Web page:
I have done the plein air event at Emily Oaks Nature Center over the last 3 years with the Anatomically Correct painting group, an unofficial group. I stood almost in the same spot last year, but of course the concept behind the two are different --- what I did last year was not the same composition or focus as this one. Usually I don't do the same thing from time to time, but there just aren't that many great views here, sorry to say. So knowing what I know and painting the way I do, I pushed the color and brushwork. It's a 9" x 12" on a linen canvas panel prepared by me and painted in less than two hours.
I just got back yesterday from taking my three paintings to Morris, Minnesota for the Horizontal Grandeur show at the Stevens County Historical Museum. Driving from Chicago it's about 10 hours, mostly interstate views of Illinois, Wisconsin and Minnesota. After getting off the interstate the views are a little better, but it's pretty much farm fields and flatland ---- nothing that makes you run for the paint and brushes, no majestic views....at least from the car. So after driving all that distance it took me all of five minutes to drop off and leave, although one person remembered me and my work from last time --- nice to hear. This is a nice show, meaning it's there for three months in a very nice looking museum.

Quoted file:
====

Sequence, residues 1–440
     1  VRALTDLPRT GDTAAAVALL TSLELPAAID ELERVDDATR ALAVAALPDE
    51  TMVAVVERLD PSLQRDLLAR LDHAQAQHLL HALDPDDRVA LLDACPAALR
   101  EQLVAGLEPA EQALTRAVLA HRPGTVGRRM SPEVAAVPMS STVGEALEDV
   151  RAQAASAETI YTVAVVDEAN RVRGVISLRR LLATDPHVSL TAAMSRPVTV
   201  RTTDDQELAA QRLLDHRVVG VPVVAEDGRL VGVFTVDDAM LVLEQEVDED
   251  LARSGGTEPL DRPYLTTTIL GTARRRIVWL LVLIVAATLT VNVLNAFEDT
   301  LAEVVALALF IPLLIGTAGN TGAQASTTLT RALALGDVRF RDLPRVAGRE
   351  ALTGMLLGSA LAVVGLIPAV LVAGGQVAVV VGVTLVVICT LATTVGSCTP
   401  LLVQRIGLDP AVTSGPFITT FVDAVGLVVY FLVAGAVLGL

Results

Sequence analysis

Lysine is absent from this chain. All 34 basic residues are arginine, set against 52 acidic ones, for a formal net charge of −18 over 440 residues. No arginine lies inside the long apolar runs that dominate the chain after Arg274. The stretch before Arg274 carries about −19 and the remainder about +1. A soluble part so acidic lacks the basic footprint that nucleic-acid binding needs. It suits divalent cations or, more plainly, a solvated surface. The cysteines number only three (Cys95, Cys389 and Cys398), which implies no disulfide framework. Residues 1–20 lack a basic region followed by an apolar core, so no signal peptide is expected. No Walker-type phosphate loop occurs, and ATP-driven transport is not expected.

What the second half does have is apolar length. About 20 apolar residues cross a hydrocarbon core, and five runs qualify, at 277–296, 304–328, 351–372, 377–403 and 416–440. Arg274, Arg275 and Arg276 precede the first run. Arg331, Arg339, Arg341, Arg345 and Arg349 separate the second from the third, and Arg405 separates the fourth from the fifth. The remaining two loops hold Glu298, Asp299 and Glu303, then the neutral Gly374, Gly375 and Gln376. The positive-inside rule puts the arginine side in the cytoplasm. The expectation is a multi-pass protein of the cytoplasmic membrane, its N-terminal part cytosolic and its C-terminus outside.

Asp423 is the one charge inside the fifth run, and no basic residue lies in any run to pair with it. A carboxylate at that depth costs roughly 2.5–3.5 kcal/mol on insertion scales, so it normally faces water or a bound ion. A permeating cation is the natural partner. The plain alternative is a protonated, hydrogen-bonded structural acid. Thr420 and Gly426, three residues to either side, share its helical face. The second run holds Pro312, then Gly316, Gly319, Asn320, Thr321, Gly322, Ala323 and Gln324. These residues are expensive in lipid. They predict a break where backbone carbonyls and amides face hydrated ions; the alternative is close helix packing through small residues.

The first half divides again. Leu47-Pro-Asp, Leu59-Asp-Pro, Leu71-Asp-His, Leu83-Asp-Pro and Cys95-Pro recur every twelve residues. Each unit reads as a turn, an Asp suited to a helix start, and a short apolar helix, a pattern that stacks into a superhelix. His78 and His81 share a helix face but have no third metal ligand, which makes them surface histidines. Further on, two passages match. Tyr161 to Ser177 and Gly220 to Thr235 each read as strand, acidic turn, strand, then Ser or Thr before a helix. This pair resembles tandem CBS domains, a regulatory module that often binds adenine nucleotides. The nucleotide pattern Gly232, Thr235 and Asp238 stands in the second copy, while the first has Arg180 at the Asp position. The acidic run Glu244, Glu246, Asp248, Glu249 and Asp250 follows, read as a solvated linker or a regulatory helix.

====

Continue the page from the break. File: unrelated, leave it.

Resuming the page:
Secondly, the painting you see that I just finished. It's another farm scene from Wisconsin along one of the Rustic Roads. I actually did this farms once before in another view, but the season changed and you'd never know it. This one is 22" x 28", oil on canvas. Otherwise I've been busy repairing old pocket watches. That's frustrating.
Last December I was at a gathering of friends. This portrait, by the way, an 8" x 10" oil on canvas is of my friend Bill. I was sitting at the table after dinner and had my camera intending to take a candid shot of any interesting face I saw. Bill was sitting nearby, but every time I wanted to snap a picture, there he was looking right at me. I wanted something a bit more immediate and just could not get it --- I wanted to tell him to stop looking at me. If it had turned out a bit better I wouldn't be calling this a practice piece, but it's just a practice piece and I guess I will just have to give it to him. I had in mind a "bearded man" series.
Both of these paintings were done on odd size canvas for which I would have to make my own frame (probably). Since I have always stretched my own canvas I always have small remnants which you can either throw out or use. I had saved that end-of-the-watercolor block cardboard and had a nice surface to mount a piece of canvas. So I primed it and waited for the right time to use it. I did the one painting in an hour or so, but the painting with the tree took longer. The marsh painting of Cambridge, WI is 8" x 13" and the other is from Amana, IA and is 7" x 11".